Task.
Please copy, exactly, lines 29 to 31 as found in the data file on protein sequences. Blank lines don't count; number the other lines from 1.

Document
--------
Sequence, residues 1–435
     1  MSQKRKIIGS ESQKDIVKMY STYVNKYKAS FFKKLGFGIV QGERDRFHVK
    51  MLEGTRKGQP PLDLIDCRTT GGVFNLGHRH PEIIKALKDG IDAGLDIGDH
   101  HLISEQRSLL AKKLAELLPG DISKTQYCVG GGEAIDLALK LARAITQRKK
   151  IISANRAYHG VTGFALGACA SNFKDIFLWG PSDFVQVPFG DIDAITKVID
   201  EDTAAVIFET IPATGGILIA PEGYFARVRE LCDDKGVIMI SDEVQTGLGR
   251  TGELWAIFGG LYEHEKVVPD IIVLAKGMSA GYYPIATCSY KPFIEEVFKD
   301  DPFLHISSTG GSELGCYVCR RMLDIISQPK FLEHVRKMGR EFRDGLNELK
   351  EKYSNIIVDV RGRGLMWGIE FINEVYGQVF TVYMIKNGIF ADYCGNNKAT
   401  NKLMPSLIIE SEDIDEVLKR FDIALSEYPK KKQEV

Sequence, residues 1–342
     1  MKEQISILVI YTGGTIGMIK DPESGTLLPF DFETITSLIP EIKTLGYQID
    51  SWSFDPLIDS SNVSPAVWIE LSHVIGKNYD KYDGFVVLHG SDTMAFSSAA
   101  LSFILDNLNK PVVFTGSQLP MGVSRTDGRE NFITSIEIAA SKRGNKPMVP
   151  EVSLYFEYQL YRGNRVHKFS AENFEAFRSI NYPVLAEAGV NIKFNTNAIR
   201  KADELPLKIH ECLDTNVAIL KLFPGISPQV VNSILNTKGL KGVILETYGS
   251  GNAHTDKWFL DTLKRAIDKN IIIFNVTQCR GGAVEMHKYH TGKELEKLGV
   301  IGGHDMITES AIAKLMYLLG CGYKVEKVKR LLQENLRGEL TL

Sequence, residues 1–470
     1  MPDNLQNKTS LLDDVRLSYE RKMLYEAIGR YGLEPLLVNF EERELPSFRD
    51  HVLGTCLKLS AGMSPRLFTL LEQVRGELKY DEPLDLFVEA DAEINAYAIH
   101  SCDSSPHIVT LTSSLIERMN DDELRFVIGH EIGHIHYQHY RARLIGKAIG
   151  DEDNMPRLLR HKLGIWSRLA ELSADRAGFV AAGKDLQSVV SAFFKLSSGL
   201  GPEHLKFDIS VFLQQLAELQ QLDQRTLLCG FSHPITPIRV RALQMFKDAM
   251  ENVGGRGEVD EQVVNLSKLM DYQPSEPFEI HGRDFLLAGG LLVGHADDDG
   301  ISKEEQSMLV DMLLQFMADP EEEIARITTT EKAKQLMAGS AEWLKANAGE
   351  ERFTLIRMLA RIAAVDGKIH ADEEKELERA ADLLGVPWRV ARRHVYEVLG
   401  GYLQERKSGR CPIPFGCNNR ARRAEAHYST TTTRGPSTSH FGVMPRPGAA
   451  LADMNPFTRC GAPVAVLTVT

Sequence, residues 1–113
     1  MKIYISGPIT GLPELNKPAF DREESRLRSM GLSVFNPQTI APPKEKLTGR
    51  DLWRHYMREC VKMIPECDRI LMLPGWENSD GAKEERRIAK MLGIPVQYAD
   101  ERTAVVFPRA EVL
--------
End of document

   451  LADMNPFTRC GAPVAVLTVT

Sequence, residues 1–113
     1  MKIYISGPIT GLPELNKPAF DREESRLRSM GLSVFNPQTI APPKEKLTGR